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Mobilization for Alienation vs. Catalysis for Participation

The critical choice for the United Nations system (Part #1)

Published in: International Associations 25, 1973, August-September, pp. 407-412 [PDF version]. Slightly revised version reprinted under the title: Mobilization of Public Opinion: yesterday's reponse to today's problems Transnational Associations 31, 1/2, 1979, pp. 8-14 [PDF version]
The Problem
The UN Response
An Analysis
The NGO Role
The Current Reality
The Critical Choice

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The Problem

The United Nations often appear to be rapidly destroying itself. Books now appear with titles such as The Defeat of an Ideal; the self-destruction of the United Nations (Shirley Hazzard. Macmillan, 1973). Disillusionment concerning the capacity of international organization to solve world problems is now widespread. This is particularly true of the United Nations system of organizations (and extends corrosively to staff members of each secretariat).

The 'image' of the system has rightly ations and hopes have been disappointed, and a feeling of uncertainty and doubt defenders of its ideals" (Mahdi Elmandjra. The United Nations System; an analysis. Faber and Faber 1973.).

This disillusionment, and the realization that we may have to live with the problems and adapt to them, has lead to severe cuts in United Nations and. Agency programme budgets now viewed as increasingly symbolic in value. The U.N. has even had difficulties in meeting its payroll and other day-to-day obligations. The situation has been considerably aggravated by the recent dollar devaluations (The pensions of retired United Nations civil servants have been effectively reduced by 30-40 % with no possibility of compensation under present circumstances.). All available facts and figures indicate that a major crisis cannot be much longer postponed" says one UN General Assembly document. "Clearly, if a full, final and viable settlement of the Organization's urgent financial difficulties is to stand any chance ofsuccess, substantial voluntary contributions (or their equivalent) additional to those already paid or pledged must be assured. Whether they will be forthcoming in sufficient amount will be very much dependent on the response made, in the first instance, by the major Powers of the United Nations". They have not been forthcoming. Politically the major Powers no longer have any great need for the United Nations (For example : the European Security Conference, the Middle East. Vietnam the hijacking issue, etc.).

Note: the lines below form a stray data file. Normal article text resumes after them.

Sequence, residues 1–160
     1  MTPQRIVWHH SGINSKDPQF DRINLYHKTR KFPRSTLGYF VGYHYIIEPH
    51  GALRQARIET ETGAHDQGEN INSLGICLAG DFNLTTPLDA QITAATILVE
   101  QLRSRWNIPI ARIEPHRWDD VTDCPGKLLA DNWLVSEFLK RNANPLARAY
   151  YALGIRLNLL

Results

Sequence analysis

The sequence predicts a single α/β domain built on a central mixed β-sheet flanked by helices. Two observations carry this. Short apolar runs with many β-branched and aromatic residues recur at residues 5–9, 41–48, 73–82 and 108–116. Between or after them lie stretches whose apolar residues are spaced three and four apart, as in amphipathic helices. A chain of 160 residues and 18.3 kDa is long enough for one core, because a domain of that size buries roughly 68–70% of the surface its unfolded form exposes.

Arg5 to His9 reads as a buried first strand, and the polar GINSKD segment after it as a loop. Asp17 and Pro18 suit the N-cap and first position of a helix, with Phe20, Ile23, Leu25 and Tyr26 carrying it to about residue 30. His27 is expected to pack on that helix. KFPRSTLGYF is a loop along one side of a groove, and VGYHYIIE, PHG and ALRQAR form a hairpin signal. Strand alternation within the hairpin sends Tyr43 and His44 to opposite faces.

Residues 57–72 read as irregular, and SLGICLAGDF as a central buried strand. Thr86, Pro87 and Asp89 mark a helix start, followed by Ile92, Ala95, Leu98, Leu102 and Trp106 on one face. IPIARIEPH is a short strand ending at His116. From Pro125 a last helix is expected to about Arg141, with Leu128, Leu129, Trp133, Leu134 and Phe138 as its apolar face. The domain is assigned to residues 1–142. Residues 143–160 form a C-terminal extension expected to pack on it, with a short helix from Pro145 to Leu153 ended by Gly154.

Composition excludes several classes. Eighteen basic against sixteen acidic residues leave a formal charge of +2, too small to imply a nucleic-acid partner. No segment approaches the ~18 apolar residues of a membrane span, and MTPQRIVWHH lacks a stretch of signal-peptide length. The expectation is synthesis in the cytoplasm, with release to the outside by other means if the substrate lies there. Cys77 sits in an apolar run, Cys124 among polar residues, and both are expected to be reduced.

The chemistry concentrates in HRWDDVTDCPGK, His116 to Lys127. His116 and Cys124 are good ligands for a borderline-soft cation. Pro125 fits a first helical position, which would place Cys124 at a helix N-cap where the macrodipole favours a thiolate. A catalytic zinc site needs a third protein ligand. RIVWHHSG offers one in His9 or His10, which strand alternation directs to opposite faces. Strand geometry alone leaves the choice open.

On the whole the United Nations system of intergovernmental organizations have become less and less effective as matrixes for international cooperation, particularly In regard to problems where substantial interests of the great powers and generally the developed countries are directly or indireclly involved" (Gunnar Myrdal. In: Mahdi Elmandjra. Op cit. p. 13.).

With the exception of some specialized technical agencies, it has become an arena in which developing countries are placated and contained by encouraging them to spend endless hours in formulating toothless resolutions with little hope of implementation (Chadwick F. Alger. International Associations 1972. pp. 461-464: "The analysis has shown that only 53 of some 2000 (less than 3%) decisions in the assemblies and executive bodies of the UN, ILO and WHO created new activities in the years 1955. 1960 and 1965..).

e bodies of the UN, ILO and WHO created new activities in the years 1955. 1960 and 1965..).

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